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Ofcom announces its plans for reform of BT’s Openreach


© Flickr/cc-licence/Steve Bowbrick

  • Openreach should become a distinct company with its own Board
  • Openreach should own its physical network
  • New CEO should be appointed by, and accountable to, the Openreach Board
  • Greatest degree of independence without the costs of separating the companies entirely

Ofcom has this morning announced its plans for a major reform of Openreach, the network division of BT. The news comes just after BT announced its own suggested reforms (see our story here). The regulator first outlined its measures to improve the competitiveness of the UK’s digital economy back in February, focused on a more independent Openreach, greater choice of broadband networks, better quality of service across the whole industry, and better broadband and mobile coverage. Now it has set out how this should work. 

  • Openreach should be a legally separate company within BT Group
  • Openreach should have its own Board with a majority of non-executive directors
  • The Board would be required to make decisions in the interests of all Openreach’s customers
  • Openreach’s CEO should be appointed by, and accountable to, the Openreach Board – not BT Group
  • Openreach would be obliged to consult formally with customers such as Sky and TalkTalk on large-scale investments
  • There should be a ‘confidential’ phase during which customers can discuss ideas without this being disclosed to BT Group
  • Staff to work for Openreach, rather than be employees of BT Group
  • Openreach should own its physical network
  • Openreach should develop its own strategy and annual operating plans, within an overall budget set by BT Group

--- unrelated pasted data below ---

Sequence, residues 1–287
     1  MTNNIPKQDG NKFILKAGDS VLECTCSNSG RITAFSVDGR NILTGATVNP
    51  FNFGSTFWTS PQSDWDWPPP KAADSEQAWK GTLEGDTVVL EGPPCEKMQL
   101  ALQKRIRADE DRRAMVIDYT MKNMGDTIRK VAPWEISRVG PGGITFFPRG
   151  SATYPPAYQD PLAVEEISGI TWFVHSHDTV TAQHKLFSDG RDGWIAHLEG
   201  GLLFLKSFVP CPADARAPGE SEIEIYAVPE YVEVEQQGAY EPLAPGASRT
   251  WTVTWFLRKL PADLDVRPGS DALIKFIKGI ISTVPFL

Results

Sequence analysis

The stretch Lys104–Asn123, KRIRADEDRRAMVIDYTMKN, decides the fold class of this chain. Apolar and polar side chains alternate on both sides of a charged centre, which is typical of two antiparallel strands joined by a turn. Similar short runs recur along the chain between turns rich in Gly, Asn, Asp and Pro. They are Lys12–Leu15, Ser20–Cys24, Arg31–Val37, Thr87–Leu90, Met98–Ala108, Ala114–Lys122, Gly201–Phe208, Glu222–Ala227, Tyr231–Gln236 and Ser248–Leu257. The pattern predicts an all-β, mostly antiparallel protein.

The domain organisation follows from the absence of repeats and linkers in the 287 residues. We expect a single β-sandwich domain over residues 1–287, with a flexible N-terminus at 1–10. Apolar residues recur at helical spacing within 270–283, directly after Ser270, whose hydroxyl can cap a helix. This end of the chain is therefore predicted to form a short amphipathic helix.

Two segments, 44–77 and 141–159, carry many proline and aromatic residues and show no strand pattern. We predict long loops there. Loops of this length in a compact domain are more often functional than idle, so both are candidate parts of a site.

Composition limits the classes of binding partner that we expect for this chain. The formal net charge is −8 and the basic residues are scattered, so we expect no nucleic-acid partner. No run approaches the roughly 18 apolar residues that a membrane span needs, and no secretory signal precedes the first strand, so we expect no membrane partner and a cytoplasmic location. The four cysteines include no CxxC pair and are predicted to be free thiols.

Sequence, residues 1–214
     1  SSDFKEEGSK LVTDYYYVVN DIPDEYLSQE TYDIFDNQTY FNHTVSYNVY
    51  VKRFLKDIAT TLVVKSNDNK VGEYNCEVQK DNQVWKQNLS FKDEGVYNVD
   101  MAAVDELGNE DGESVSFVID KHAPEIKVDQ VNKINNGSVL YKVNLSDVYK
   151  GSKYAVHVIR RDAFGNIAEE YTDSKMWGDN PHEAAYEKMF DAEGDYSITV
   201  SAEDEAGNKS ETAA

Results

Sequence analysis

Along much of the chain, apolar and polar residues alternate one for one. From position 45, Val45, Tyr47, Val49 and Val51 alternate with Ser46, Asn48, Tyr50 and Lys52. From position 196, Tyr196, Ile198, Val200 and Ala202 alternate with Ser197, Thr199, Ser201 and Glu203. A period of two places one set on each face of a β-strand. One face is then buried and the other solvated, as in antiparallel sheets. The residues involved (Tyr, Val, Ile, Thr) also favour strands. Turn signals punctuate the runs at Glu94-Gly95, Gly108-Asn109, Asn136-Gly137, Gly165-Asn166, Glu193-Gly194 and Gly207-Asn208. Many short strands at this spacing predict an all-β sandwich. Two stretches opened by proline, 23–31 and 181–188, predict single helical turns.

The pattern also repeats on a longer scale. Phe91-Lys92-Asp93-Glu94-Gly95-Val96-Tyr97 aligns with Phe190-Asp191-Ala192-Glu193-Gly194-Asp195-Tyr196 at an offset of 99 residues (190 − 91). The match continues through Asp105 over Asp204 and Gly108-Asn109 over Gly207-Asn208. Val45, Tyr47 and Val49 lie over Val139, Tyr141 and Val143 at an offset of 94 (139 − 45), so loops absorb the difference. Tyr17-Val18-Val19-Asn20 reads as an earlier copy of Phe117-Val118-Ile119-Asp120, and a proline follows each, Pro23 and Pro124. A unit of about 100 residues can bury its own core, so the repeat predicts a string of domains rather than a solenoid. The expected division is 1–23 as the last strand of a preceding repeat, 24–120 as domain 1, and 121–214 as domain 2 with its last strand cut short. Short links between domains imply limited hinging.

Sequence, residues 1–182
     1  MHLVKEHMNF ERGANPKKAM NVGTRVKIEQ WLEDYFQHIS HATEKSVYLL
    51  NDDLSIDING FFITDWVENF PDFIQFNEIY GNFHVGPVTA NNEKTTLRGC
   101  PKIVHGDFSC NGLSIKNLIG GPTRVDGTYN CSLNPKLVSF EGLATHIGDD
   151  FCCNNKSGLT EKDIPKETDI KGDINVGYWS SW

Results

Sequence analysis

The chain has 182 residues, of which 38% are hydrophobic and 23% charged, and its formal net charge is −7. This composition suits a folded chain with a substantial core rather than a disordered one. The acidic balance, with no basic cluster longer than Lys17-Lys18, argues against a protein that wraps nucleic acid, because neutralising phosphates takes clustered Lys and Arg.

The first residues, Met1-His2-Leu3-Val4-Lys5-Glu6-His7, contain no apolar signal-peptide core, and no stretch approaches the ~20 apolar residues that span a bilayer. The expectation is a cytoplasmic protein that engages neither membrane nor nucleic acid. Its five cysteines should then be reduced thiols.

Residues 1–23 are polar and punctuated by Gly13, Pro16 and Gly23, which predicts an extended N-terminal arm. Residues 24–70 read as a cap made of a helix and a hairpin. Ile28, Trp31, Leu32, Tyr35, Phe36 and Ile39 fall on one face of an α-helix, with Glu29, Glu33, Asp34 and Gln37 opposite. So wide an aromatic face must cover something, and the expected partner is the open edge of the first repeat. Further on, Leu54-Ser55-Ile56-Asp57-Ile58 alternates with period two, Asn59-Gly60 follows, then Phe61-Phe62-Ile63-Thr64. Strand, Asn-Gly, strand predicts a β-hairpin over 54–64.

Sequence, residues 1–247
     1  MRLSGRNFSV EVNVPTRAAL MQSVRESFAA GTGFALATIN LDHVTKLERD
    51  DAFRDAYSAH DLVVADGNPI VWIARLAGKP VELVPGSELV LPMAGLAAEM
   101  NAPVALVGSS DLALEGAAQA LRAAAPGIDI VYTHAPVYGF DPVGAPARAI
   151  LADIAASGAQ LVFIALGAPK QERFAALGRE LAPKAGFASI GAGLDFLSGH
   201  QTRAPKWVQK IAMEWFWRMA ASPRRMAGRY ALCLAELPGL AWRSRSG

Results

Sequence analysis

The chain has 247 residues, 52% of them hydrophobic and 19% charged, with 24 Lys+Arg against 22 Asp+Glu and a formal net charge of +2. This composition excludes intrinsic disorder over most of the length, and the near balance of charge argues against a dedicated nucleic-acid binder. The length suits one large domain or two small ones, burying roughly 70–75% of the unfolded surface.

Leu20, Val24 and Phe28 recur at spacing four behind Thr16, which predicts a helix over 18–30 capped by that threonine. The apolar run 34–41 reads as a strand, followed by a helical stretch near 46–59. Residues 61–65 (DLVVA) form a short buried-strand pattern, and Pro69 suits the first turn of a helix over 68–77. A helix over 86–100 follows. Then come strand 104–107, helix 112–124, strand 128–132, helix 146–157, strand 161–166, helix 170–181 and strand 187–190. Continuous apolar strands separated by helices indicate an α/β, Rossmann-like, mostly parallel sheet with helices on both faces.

• Openreach should have its own brand, not affiliated with BT Group

“We’re pressing ahead with the biggest shake-up of telecoms in a decade, to make sure the market is delivering the best possible services for people and business across the UK,” said Sharon White, CEO of Ofcom.

Ofcom has stopped short of calling for full structural separation, but it maintains that its proposed new model would provide Openreach with the greatest degree of independence from BT Group that is possible without incurring the costs and disruption – to industry and consumers – associated with separating the companies entirely. The industry has until 4 October to respond to the proposal.

However, if it cannot achieve this, Ofcom says it will reconsider whether BT and Openreach should be split into two entirely separate companies, under different ownership.

Ofcom has confirmed that it has been notified by BT of the telco’s own plans to deliver changes to Openreach’s governance. “We welcome BT’s acknowledgement of the need to reform Openreach, and elements of BT’s proposal,” the regulator said today. “However, there remain important areas where it does not fully address our concerns. For example, the need for Openreach to be a legally separate company, and for Openreach to have confidential discussions with its customers without oversight by BT.”

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